The effects of human immunodeficiency virus type 1 (HIV-1) se- rostatus, AIDS, and level of immunosuppression on health service use were examined in the Multicenter AIDS Cohort Study. Data on self-reported hospitalizations, outpatient medical services (non-emergency room) and emergency room care during the preceding 6 months were collected for 3,447 homosexual/bisexual men returning for their 14th and/or 15th semiannual visits in Chicago, Baltimore, Los Angeles, and Pittsburgh. AIDS-free seropositive men with CD4+ cells <200/p.l were more likely to be hospitalized [odds ratio (OR) = 2.3, 95% confidence limits (CL) = 1.4, 3.8] and use outpatient medical care (OR = 7.9, 95% CL = 4.9, 12.6), compared with seronegative men. Increased outpatient care was initiated at the earliest stages of HIV-1 infection, even when CD4+ cells were >500/μl. Dramatic increases in outpatient care for each level of immunosuppression were observed. HIV-1-related symptoms were associated with increased hospitalizations (OR = 4.8, 95% CL = 3.2, 7.3), use of outpatient medical services (OR = 3.3, 95% CL = 1.9, 5.6), and emergency room care (OR = 3.1, 95% CL = 2.1, 4.6). Persons with AIDS and ≤50 CD4+ cells/μl were most likely to be hospitalized (OR = 8.1; 95% CL = 4.4, 14.9). No significant difference (p > 0.05) in emergency room use was observed according to HIV-1 serostatus, AIDS, or immunosuppression, after adjusting for insurance and clinical symptoms. To the extent that CD4+ cell counts are used as one of the criteria for an AIDS diagnosis and such a diagnosis broadens available benefits to persons with HIV disease, the pattern of health care services described here will be important for health care providers and planners.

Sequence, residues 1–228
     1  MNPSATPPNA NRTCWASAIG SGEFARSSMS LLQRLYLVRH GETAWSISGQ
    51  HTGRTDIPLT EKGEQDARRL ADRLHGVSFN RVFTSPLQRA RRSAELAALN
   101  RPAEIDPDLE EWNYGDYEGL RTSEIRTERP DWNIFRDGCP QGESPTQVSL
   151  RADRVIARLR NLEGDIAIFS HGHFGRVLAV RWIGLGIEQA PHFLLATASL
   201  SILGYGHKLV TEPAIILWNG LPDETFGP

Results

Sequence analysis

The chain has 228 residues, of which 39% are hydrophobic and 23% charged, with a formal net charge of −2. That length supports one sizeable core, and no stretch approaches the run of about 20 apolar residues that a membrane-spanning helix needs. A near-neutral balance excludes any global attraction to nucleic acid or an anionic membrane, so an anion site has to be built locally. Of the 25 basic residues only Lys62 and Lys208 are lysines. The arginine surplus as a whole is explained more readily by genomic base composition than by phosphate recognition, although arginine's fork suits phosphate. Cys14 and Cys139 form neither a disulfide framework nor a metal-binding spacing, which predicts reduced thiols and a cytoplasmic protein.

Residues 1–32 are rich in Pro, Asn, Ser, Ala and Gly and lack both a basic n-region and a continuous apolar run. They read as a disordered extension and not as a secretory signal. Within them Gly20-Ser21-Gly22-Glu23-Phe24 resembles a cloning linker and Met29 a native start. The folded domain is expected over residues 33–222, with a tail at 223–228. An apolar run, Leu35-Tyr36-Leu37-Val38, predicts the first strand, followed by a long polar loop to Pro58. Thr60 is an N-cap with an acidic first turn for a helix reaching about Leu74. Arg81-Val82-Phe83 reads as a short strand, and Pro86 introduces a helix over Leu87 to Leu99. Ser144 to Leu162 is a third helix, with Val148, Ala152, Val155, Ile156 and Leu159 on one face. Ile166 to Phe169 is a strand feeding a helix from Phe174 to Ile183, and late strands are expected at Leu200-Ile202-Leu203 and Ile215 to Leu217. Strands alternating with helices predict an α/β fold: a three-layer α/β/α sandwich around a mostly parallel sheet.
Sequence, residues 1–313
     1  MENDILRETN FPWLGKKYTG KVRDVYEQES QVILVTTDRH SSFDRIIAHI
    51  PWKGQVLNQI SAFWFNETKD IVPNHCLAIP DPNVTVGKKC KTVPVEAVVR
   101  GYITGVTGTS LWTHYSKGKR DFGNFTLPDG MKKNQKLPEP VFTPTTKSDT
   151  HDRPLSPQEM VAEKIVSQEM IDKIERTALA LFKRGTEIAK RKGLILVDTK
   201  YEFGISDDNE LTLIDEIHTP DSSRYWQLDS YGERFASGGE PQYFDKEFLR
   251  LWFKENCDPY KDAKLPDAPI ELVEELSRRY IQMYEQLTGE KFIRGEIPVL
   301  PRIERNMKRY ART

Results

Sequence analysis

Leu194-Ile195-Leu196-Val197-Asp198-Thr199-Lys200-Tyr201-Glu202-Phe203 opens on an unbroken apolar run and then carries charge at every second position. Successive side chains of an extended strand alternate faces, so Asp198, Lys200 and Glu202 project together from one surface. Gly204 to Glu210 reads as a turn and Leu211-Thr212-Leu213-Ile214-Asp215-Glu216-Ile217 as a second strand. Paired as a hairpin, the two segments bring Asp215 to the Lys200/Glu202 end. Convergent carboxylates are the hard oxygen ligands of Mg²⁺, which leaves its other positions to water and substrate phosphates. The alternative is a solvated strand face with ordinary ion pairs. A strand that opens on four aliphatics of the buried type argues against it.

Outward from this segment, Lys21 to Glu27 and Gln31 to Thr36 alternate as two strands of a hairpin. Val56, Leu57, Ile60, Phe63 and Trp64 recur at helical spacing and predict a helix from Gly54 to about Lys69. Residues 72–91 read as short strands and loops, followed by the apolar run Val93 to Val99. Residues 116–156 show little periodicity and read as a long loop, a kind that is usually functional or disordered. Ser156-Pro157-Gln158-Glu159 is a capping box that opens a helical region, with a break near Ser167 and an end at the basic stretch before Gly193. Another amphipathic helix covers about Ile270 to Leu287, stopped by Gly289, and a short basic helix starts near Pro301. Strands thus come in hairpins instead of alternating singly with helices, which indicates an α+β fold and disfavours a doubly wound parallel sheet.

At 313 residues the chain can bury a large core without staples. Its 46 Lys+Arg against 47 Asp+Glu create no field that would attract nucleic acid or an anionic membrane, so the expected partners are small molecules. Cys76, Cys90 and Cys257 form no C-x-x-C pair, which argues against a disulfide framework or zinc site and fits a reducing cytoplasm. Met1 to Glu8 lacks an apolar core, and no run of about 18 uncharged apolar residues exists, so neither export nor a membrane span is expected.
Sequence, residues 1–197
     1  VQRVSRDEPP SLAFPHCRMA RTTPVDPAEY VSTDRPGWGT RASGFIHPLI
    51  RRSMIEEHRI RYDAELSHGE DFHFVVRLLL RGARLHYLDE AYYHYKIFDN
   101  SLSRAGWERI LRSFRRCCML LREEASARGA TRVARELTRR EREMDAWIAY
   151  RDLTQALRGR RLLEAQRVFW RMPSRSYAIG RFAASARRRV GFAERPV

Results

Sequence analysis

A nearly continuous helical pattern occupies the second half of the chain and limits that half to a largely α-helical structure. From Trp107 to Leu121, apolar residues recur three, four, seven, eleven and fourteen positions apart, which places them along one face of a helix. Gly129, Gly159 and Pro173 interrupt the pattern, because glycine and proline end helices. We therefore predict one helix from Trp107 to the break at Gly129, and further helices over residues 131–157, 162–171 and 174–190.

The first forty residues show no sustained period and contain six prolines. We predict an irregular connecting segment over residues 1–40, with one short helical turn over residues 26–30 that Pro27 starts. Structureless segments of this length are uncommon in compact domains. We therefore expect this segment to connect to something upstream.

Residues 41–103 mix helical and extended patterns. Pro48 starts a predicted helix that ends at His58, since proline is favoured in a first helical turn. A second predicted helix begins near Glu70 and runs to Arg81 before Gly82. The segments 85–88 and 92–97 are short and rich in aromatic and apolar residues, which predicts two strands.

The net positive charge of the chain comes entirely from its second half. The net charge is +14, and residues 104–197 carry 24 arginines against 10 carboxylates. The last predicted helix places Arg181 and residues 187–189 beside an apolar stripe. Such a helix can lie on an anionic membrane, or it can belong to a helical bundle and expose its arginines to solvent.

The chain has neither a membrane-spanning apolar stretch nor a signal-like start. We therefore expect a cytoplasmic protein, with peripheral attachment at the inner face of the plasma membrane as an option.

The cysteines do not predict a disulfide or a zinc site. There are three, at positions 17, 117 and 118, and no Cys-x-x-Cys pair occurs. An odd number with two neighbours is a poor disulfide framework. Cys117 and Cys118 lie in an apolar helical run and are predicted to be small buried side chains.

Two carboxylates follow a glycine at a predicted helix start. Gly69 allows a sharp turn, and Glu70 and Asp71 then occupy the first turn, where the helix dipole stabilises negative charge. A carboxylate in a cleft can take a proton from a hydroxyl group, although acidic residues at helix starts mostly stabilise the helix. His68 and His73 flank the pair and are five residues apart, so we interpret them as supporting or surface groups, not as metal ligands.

|Original language||English (US)|
|Number of pages||10|
|Journal||Journal of Acquired Immune Deficiency Syndromes|
|State||Published - Jun 1994|
- Health care use